J-E-L-L-O

Jello

Ever heard of Agar? It’s a red sea vegetable that takes the place of gelatin in this easy recipe making it a vegan alternative to regular jello. Agar, also know as Kanten in the East, is very good for the digestive track, high in iodine, calcium and phosphorus. By heating and then cooling Agar, it works as a gelling agent in jello, jellies and puddings. So loose the pre-packaged brand and try this simple recipe.

Vegan Jello

1 cup fruit juice (like black cherry pictured above)
1 tsp. agar-agar powder

Bring juice to a boil over medium heat. Whisk in the agar powder until completely disolved and let simmer for a few minutes. Pour into a glass dish or jello mold and let cool until set. Agar does not need to be refrigerated to set, but it will speed up the process. Double or triple the recipe to make a bigger batch and make it more fun for kids by letting them help you cut it into jiggly shapes!

Posted in Recipes by Liz on March 4, 2008 | Permalink | 1 Comment

Kombucha

Kombucha

I had never heard of Kombucha until Maya from A Recipe For Wellness recommended it to me. Always interested in trying new things (but not yet ready to try to make my own), I picked up a bottle of GT’s Original 100% Raw, 100% Organic Kombucha at Whole Foods.

This effervescent drink is cultured for 30 days, and like yogurt (or sauerkraut) is fermented and “alive” with active enzymes. People have been making and drinking Kombucha since the B.C. years, and there are some phenomenal health claims surrounding it. Nobel Prize winner Alexandr Solzhenitsyn wrote that drinking Kombucha helped him survive the Siberian slave camps and the maker of GT’s Kombucha was inspired to share it after he and his mother believe it helped prevent the spread of her breast cancer.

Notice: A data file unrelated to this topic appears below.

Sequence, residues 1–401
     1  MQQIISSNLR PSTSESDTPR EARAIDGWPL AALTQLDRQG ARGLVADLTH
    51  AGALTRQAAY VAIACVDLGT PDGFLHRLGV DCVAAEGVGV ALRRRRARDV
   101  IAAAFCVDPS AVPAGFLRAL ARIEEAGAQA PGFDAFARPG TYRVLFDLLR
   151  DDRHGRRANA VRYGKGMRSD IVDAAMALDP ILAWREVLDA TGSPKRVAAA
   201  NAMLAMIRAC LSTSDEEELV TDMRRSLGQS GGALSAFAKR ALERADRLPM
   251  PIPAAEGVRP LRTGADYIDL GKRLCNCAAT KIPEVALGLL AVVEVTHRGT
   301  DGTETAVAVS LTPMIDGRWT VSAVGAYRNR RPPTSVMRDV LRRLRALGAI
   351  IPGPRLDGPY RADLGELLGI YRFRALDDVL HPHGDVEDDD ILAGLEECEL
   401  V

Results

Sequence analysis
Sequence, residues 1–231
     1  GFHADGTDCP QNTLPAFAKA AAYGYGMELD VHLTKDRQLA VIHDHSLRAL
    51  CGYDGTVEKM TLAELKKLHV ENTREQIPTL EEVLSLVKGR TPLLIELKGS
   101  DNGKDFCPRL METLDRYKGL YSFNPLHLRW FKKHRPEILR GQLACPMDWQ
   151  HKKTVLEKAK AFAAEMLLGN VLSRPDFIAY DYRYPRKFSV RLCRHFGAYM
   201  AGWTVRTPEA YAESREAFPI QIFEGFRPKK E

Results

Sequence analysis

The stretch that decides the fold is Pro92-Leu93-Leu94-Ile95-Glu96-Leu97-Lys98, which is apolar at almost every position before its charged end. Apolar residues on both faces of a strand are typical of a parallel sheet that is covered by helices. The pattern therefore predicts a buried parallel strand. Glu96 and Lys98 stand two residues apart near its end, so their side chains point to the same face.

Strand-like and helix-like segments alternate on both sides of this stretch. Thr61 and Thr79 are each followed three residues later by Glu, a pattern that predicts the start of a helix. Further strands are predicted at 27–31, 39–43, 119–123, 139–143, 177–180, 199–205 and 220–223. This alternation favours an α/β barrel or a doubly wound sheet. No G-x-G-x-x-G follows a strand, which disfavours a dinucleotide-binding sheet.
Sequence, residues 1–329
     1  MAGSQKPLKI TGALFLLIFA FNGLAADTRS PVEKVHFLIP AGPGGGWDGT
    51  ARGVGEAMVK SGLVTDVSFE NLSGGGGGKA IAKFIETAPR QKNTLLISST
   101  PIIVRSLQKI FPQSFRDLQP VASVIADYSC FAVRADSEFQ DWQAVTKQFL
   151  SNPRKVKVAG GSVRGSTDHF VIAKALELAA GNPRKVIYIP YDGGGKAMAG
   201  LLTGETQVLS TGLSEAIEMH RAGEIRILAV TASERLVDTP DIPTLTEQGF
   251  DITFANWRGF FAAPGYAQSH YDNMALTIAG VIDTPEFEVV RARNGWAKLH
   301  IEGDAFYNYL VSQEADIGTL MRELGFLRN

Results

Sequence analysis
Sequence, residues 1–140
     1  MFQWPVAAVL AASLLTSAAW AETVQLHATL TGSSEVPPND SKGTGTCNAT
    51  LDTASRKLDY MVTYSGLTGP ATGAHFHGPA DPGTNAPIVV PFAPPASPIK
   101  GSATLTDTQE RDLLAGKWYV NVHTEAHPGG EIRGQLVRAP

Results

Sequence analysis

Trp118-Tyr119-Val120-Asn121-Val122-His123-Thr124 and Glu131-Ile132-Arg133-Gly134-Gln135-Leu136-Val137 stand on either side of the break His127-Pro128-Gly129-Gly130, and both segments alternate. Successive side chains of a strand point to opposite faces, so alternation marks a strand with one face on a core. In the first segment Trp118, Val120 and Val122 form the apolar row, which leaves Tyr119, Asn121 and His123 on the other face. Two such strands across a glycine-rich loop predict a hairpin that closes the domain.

In addition to these amazing stories, Kombucha is also claims to help regulate digestion, metabolism, immune system, liver function, cell integrity and healthy skin and hair. Although, they do include an asterisk on the label that does clarify that these statements have not been evaluated by the Food and Drug Administration. (However, that doesn’t mean that these health benefits don’t exist.) As usual, it is always best to do your research, and consult your doctor or nutritionist if you want to try the natural healing powers of something like Kombucha.

Personally speaking, I will continue to drink it because I love the taste! (I think it tastes a bit like carbonated apple cider.) I loved the original flavor, and am excited to try the Multi-Green which actually has algae in it. Liz gets her Kombucha at the Co-op, and recommends Strawberry and Grape.

Posted in Chew On This by Rhaya on March 3, 2008 | Permalink | 5 Comments

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